Ministry of Justice written question – answered on 17th December 2015.
To ask Her Majesty’s Government what assessment they have made of how many prisoners are prevented from progressing towards release because they are unable or unwilling to take specified training courses that the Parole Board insists are the only acceptable evidence of reduced risk on release.
To ask Her Majesty’s Government whether they will require the Parole Board to take into account all the available evidence that individual prisoners serving long sentences have changed their attitudes and lifestyles while in prison.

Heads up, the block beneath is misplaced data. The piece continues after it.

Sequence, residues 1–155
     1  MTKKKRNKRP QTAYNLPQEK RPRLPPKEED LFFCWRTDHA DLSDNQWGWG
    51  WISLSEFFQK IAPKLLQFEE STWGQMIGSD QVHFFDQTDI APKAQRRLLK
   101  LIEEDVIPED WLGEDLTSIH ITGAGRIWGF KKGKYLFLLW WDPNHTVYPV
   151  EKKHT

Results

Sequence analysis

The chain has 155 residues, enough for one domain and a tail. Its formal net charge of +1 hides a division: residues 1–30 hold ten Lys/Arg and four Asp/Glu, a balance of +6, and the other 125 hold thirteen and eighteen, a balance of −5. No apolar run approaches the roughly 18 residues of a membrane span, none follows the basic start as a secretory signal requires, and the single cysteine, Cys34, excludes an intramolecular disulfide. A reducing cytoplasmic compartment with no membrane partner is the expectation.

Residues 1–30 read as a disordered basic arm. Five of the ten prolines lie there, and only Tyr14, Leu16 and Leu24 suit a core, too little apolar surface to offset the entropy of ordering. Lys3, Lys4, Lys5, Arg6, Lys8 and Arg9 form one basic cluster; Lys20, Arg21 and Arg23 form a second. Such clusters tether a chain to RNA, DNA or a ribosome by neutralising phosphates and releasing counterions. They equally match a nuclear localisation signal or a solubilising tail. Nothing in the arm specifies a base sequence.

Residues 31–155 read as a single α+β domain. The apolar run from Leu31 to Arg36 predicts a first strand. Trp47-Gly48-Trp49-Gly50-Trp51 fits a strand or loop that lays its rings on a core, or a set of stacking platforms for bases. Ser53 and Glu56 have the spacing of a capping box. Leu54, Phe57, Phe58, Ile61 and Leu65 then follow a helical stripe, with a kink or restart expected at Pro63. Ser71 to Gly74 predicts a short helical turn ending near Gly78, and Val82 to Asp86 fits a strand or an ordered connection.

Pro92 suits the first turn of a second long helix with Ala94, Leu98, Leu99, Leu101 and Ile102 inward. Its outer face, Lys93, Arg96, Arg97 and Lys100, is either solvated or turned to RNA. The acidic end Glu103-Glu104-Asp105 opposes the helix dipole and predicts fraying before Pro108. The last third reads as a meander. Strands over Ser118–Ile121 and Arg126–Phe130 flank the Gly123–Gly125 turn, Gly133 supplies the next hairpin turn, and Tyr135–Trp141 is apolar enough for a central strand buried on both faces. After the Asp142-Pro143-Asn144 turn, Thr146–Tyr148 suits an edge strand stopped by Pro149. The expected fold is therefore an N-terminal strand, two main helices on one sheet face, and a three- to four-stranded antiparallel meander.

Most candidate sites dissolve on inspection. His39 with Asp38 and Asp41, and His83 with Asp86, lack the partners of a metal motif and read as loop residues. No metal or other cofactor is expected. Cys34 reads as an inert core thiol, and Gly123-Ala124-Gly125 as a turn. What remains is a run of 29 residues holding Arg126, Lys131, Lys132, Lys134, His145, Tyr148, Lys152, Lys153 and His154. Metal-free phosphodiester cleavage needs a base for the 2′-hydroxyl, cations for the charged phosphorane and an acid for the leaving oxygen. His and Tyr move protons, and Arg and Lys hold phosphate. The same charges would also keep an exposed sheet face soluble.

It is not mandatory for a prisoner to complete specific courses or programmes before he can be considered for release by the Parole Board. The Parole Board is required to assess the prisoner’s overall risk of serious harm to the public and, in doing so, will consider a range of factors, including, where available, the prisoner’s response to specific offending behaviour programmes (OBPs).
The Parole Board already takes into account other indicators of reduced risk, including where the prisoner has engaged effectively with professional staff on a one to one basis or undertaken education, work and training. In addition, the Parole Board will consider the prisoner’s behaviour in custody, together with evidence drawn from the prisoner’s attitudes - for example, how well the prisoner handles stressful situations.
Yes1 person thinks so
No0 people think not
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